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Survivor guilt or survivors syndrome is a type of remorse felt by people who manage to survive a tragic event] involving much loss of life, especially the lives of friends and loved ones or other people commonly associated with the survivor. Sufferers often feel guilty that they and their family get to move on with their lives, whereas other people and their families were not as lucky. It is commonly summed up by the phrase "I should have died with them" or even "I should have died instead of them".

It may be found among survivors of combat, natural disasters, epidemics, among the friends and family of those who have committed suicide, and in non-mortal situations such as among those whose colleagues are laid off. The experience and manifestation of survivor's guilt will depend on an individual's psychological profile. When the Diagnostic and Statistical Manual of Mental Disorders IV (DSM-IV) was published, survivor guilt was removed as a recognized specific diagnosis, and redefined as a significant symptom of posttraumatic stress disorder (PTSD).

History[edit | edit source]

Survivor guilt was first identified during the 1960s. Several therapists recognized similar if not identical conditions among Holocaust survivors. Similar signs and symptoms have been recognized in survivors of traumatic situations including combat, natural disasters, terrorist attacks, and wide-ranging job layoffs.[1] A variant form has been found among rescue and emergency services personnel who blame themselves for doing too little to help those in danger, and among therapists, who may feel a form of guilt in the face of their patients' suffering.

Sufferers sometimes blame themselves for the deaths of others, including those who died while rescuing the survivor or whom the survivor tried unsuccessfully to save.[2]

Survivor syndrome[edit | edit source]

Survivor syndrome, also called concentration camp syndrome, or called KZ syndrome on account of the German term Konzentrationslager,[3] are terms which have been used to describe the reactions and behaviors of people who have survived massive and adverse events, such as the Holocaust, the Rape of Nanking, and the HIV/AIDS epidemic.[4] They are described as having a pattern of characteristic symptoms including anxiety and depression, social withdrawal, sleep disturbance and nightmares, physical complaints and emotional lability with loss of drive.[5] Commonly such survivors feel guilty that they have survived the trauma and others—such as their family, friends, and colleagues—did not.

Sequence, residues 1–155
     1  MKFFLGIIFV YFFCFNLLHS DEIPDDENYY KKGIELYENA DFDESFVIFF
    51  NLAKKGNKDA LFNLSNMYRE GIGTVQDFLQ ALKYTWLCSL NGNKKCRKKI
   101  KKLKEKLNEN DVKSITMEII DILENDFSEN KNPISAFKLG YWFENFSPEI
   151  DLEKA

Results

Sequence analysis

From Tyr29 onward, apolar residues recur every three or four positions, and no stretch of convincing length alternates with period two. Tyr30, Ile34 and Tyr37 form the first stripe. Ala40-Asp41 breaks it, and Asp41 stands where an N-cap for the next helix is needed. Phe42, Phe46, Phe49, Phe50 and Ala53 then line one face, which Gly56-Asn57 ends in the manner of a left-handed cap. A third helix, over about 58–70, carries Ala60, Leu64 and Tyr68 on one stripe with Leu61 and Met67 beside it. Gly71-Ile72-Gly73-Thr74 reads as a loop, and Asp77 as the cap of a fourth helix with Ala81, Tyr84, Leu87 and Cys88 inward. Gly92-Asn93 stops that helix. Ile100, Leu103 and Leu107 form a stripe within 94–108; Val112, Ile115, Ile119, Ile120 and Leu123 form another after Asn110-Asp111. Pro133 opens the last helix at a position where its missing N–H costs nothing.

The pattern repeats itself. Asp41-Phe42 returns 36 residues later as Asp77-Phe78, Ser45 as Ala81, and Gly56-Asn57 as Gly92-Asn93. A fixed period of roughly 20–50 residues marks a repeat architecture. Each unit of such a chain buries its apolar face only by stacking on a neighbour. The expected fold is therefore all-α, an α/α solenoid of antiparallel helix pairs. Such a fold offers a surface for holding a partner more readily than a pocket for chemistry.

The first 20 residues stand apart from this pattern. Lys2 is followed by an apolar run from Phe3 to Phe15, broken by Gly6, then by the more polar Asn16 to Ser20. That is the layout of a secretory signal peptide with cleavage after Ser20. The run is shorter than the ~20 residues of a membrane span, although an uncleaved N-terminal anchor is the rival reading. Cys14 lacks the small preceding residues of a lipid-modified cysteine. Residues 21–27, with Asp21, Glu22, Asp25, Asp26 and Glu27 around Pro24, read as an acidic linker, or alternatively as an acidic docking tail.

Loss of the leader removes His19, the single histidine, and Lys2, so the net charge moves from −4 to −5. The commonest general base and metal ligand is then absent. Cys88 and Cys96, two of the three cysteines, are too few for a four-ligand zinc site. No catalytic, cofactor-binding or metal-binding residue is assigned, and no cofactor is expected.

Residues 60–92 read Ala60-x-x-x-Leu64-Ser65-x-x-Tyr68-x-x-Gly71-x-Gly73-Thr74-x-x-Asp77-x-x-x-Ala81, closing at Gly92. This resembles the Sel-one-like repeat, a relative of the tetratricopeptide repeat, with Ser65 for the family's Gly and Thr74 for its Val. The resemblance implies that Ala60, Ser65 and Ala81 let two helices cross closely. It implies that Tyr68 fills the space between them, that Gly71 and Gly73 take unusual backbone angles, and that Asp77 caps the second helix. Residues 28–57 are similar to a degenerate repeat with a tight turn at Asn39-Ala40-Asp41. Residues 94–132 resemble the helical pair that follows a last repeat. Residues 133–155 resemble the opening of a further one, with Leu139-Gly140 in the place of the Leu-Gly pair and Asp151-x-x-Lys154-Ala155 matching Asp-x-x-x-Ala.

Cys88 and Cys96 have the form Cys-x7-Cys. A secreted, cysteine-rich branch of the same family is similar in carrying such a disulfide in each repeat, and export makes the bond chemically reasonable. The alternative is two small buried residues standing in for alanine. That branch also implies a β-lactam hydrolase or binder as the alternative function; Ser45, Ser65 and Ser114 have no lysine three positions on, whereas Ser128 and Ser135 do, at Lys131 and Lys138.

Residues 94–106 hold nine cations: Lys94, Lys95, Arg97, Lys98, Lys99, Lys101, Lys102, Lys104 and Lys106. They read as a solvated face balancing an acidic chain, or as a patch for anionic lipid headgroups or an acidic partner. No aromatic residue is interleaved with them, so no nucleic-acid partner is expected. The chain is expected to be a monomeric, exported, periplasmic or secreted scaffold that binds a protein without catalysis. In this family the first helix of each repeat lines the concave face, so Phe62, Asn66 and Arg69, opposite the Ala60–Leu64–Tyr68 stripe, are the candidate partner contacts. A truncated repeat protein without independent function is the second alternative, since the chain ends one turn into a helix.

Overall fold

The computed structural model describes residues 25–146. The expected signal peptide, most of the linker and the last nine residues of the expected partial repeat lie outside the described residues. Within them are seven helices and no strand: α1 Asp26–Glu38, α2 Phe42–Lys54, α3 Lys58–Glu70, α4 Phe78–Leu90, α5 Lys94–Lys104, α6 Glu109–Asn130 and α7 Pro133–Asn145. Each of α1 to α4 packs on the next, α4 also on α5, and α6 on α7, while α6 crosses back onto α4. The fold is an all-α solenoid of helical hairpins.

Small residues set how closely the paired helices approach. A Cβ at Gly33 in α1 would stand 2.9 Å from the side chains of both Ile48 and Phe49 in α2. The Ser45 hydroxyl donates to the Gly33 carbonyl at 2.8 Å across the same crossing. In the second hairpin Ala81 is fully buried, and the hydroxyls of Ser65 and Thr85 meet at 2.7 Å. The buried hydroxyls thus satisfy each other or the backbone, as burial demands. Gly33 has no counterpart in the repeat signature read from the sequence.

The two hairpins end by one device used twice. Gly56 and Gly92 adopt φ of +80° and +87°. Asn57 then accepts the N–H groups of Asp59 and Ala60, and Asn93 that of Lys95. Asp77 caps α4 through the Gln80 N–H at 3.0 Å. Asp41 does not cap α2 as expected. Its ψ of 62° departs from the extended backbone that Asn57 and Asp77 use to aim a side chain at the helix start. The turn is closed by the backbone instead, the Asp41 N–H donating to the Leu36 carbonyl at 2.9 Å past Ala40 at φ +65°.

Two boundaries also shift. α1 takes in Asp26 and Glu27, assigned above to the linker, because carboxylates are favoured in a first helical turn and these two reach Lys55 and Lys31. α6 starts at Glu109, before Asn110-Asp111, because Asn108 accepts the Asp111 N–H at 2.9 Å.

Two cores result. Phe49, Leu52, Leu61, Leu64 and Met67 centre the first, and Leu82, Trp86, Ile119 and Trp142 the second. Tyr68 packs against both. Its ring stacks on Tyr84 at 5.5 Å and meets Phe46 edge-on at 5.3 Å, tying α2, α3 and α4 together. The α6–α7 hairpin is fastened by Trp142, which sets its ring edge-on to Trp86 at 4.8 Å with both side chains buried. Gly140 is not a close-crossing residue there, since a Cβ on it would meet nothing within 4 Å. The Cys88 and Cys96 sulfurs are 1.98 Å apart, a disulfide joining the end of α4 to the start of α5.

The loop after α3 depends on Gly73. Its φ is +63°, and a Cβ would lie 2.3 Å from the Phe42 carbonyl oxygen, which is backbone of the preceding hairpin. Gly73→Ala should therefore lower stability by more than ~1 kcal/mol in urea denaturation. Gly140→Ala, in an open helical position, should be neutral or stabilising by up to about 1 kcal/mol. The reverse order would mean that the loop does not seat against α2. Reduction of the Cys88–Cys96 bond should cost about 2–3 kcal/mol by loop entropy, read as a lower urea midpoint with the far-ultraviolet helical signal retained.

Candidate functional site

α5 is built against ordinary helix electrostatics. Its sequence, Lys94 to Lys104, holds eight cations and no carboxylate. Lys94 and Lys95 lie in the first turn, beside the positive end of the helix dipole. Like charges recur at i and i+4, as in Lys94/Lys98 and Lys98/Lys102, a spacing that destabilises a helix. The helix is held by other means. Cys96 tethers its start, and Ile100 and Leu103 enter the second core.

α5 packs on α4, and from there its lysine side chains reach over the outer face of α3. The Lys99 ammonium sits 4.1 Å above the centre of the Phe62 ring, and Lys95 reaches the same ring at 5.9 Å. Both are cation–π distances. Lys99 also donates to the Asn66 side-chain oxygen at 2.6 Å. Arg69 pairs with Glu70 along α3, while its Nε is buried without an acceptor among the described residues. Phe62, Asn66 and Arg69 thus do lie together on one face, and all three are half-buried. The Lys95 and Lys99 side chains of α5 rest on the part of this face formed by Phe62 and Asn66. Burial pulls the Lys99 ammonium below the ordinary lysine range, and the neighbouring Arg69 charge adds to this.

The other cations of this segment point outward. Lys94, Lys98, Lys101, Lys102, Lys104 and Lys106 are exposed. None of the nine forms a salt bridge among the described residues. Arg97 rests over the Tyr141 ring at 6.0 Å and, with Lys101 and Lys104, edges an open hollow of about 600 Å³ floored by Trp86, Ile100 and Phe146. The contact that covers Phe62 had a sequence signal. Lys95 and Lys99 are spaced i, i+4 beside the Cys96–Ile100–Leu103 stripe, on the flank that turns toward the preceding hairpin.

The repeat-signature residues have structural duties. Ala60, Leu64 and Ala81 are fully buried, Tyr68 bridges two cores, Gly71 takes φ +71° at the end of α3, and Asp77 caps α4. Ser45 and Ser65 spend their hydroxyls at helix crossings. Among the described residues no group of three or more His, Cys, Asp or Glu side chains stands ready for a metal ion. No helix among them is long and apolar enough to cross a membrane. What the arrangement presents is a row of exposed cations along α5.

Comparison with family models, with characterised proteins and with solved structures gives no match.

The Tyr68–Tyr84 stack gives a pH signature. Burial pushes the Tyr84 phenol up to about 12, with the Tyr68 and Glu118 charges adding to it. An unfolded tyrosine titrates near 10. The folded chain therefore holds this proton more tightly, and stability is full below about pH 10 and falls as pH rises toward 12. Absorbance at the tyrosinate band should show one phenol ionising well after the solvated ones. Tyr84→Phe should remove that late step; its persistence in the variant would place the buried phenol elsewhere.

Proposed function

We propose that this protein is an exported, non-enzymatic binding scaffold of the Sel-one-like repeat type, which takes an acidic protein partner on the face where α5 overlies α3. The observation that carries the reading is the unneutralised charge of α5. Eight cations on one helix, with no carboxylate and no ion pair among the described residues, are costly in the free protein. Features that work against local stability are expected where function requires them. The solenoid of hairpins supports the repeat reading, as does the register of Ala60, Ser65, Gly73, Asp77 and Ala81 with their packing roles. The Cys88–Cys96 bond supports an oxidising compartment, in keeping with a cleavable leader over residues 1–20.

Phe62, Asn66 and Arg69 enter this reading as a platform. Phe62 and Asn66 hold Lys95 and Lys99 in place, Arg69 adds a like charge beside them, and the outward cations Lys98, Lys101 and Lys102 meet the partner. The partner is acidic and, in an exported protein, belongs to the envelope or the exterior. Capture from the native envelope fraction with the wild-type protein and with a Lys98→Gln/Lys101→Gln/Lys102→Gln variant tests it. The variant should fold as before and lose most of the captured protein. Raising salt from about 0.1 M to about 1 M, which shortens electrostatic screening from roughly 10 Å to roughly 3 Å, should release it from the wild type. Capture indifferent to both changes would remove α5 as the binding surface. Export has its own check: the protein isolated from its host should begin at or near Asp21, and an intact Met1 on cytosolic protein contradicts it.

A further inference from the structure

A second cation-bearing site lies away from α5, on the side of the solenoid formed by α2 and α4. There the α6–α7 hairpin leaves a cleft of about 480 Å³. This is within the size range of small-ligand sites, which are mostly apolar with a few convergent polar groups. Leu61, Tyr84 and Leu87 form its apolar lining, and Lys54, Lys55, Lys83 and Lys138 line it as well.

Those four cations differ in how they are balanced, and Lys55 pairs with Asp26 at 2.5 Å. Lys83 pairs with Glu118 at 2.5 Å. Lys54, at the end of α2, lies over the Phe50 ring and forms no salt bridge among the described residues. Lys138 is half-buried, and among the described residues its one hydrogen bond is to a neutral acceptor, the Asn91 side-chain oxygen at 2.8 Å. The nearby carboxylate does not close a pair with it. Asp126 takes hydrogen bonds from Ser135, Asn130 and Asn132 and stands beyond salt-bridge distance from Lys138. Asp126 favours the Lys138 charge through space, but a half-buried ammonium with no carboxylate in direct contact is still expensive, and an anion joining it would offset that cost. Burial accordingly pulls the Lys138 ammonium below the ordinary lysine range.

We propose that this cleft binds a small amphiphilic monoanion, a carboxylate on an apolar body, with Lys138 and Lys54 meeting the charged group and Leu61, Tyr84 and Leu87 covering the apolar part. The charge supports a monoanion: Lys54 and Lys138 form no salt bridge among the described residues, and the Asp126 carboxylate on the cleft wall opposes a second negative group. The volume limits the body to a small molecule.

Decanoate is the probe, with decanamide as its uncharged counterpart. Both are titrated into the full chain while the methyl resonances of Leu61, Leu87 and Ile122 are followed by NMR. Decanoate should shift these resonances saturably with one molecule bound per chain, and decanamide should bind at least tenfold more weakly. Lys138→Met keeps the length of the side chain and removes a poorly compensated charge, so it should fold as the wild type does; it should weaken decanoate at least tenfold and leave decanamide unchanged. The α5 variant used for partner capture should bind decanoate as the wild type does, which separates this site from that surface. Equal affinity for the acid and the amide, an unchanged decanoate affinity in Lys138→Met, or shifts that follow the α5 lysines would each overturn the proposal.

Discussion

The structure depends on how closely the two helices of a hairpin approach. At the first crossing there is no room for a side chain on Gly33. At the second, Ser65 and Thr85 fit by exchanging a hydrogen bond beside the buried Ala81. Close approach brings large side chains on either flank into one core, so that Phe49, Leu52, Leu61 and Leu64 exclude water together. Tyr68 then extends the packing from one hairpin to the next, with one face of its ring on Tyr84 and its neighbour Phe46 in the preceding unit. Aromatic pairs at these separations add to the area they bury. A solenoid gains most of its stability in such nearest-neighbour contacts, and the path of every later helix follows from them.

Both conditions, along with other descriptive syndromes covering a range of traumatic events are now subsumed under posttraumatic stress disorder.[6]

Social responses[edit | edit source]

Template:Expand section Sufferers may with time divert their guilt into helping others deal with traumatic situations. They may describe or regard their own survival as insignificant. Survivors who feel guilty sometimes suffer self-blame and clinical depression.[citation needed]

Treatment[edit | edit source]

Early disaster response and grief therapy methods both attempt to prevent survivor guilt from arising. Where it is already present, therapists attempt to recognize the guilt and understand the reasons for its development. Next, a therapist may present a sufferer with alternative, hopeful views on the situation. The emotional damage and trauma is then recognized, released and treated. With growing self-confidence the survivor's guilt may be relieved, and the survivor may come to understand that the traumatic event was the result of misfortune, not of the survivor's actions. Once able to view himself or herself as a sufferer, not one who caused suffering, the survivor can mourn and continue with life.

See also[edit | edit source]

Notes[edit | edit source]

  1. JoNel Aleccia, "Guilty and stressed, layoff survivors suffer, too",, December 15, 2008
  2. Bonnie S. Fisher, Steven P. Lab. Encyclopedia of Victimology and Crime Prevention, SAGE, 2010, p. 33, ISBN 978-1-4129-6047-2
  3. The evolution of mental disturbances in the concentration camp syndrome (KZ-syndrom). URL accessed on 2010-12-07.
  4. Walt Odets, "In the Shadow of the Epidemic: Being HIV-Negative in the Age of AIDS", 1995.
  5. Raphael Beverley, (1986). When disaster strikes. PP 90-91. Century Hutchinson, London.
  6. Wilson JP, & Raphael B Editors. Theoretical and Conceptual Foundations of Traumatic Stress Syndromes. The International Handbook of Traumatic Stress Syndromes, p. 1. Plenum Press, New York. 1993.

Further reading[edit | edit source]

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